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Research paper written in first person

Is it acceptable to use first person pronouns in scientific writing?

Novice researchers are often discouraged from using the first person pronouns I and we in their writing, and the most common reason given for this is that readers may regard such writing as being subjective, whereas science is all about objectivity. However, there is no universal rule against the use of the first person in scientific writing.

Dr. David Schultz, the author of the book Eloquent Science 1 , set about finding out whether it is ok to use the first person in scientific writing. He looked up a number of books on writing research papers. He found that several guides on writing academic papers actually advocate the use of the first person.

For example, in How to Write and Publish a Scientific Paper, Robert Day and Barbara Gastel say:

Because of this [avoiding first person pronouns in scientific writing], the scientist commonly uses verbose (and imprecise) statements such as “It was found that” in preference to the short, unambiguous “I found.” Young scientists should renounce the false modesty of their predecessors. Do not be afraid to name the agent of the action in a sentence, even when it is “I” or “we.”

Many of the world’s most renowned scientists have used the first person, as explained inThe Craft of Scientific Writing:

Einstein occasionally used the first person. Feynman also used the first person on occasion, as did Curie, Darwin, Lyell, and Freud. As long as the emphasis remains on your work and not you, there is nothing wrong with judicious use of the first person.

Perhaps one of the best reasons for using the first person while writing is given in The Science Editor’s Soapbox:

“It is thought that…” is a meaningless phrase and unnecessary exercise in modesty. The reader wants to know who did the thinking or assuming, the author, or some other expert.

On the other hand, The Scientist’s Handbook for Writing Papers and Dissertations argues that in using the third person, the writer conveys that anyone else considering the same evidence would come to the same conclusion. The first person should be reserved for stating personal opinions.

Good Style: Writing for Science and Technology 2 is also against use of the first person in scientific writing, explaining that “readers of scientific papers are interested primarily in scientific facts, not in who established them.” However, this book also points out that there are points in scientific papers where it is necessary to indicate who carried out a specific action.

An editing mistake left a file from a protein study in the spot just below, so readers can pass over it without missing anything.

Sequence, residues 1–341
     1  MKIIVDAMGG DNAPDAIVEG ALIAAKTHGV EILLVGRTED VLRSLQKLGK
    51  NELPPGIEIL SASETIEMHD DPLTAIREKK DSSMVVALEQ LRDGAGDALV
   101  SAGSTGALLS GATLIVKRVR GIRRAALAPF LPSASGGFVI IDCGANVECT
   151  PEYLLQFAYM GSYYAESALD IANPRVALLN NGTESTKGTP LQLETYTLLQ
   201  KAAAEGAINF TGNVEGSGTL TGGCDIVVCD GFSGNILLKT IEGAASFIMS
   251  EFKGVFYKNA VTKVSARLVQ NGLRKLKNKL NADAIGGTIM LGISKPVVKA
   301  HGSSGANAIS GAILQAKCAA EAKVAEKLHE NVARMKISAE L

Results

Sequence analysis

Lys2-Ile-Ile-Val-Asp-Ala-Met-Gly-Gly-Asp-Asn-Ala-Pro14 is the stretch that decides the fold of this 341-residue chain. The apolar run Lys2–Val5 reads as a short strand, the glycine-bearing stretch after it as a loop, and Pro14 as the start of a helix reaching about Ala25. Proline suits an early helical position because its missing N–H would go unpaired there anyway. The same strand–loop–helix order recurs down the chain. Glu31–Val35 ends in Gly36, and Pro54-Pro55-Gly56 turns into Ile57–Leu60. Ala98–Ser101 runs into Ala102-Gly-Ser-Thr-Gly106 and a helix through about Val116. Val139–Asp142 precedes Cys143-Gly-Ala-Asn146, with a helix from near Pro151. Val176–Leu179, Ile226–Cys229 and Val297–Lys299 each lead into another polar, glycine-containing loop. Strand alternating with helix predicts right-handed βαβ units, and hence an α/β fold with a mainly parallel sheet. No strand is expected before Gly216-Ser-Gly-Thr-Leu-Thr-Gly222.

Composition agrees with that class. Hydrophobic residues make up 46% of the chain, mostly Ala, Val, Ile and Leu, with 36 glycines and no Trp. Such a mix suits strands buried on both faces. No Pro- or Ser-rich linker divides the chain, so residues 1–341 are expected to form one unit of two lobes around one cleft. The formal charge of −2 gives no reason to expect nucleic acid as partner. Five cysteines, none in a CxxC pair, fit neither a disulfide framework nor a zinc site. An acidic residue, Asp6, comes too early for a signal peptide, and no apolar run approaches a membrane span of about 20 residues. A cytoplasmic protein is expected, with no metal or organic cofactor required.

In Eloquent Science, Dr. Shultz concludes that “first-person pronouns in scientific writing are acceptable if used in a limited fashion and to enhance clarity.” In other words, don’t pepper your paper with I’s and We’s. But you don’t have to rigidly avoid the first person either. For example, use it when stating a nonstandard assumption (“Unlike Day and Gastel, I assumed that…”). Or use it when explaining a personal action or observation (“We decided not to include…”). Finally, follow the conventions in your field, and particularly check that the journal you intend to submit your paper to does not specifically ban the use of the first person (as a handful of journals do).


1 Schultz D M. 2009. Eloquent Science, p. 412. Boston, Massachusetts: American Meteorological Society. < >

2 Kirkman J. 2005. Good Style: Writing for Science and Technology, 2nd edn, p. 49. London: Routledge. 160 pp.

The use of the first person in academic writing: objectivity, language and gatekeeping

Researchers have experienced difficulties in having papers which are based on qualitative research accepted for publication because the papers have been written in the first person. Arguments are presented to show why the use of the neutral, anonymous third person is deceptive when applied to quantitative research because it obliterates the social elements of the research process. With regard to research in the qualitative, critical and feminist paradigms, it is further argued that the use of the first person is required in keeping with the epistemologies of the research and in the pursuit of reflexivity. Links are made between these arguments and the process of reviewing for academic journals. Conclusions are drawn in favour of the use of the first person, where this is appropriate to the mode of research reported and where an author is giving a personal judgement arrived at on the basis of reasonable evidence. In keeping with this position, this paper is written in the first person.

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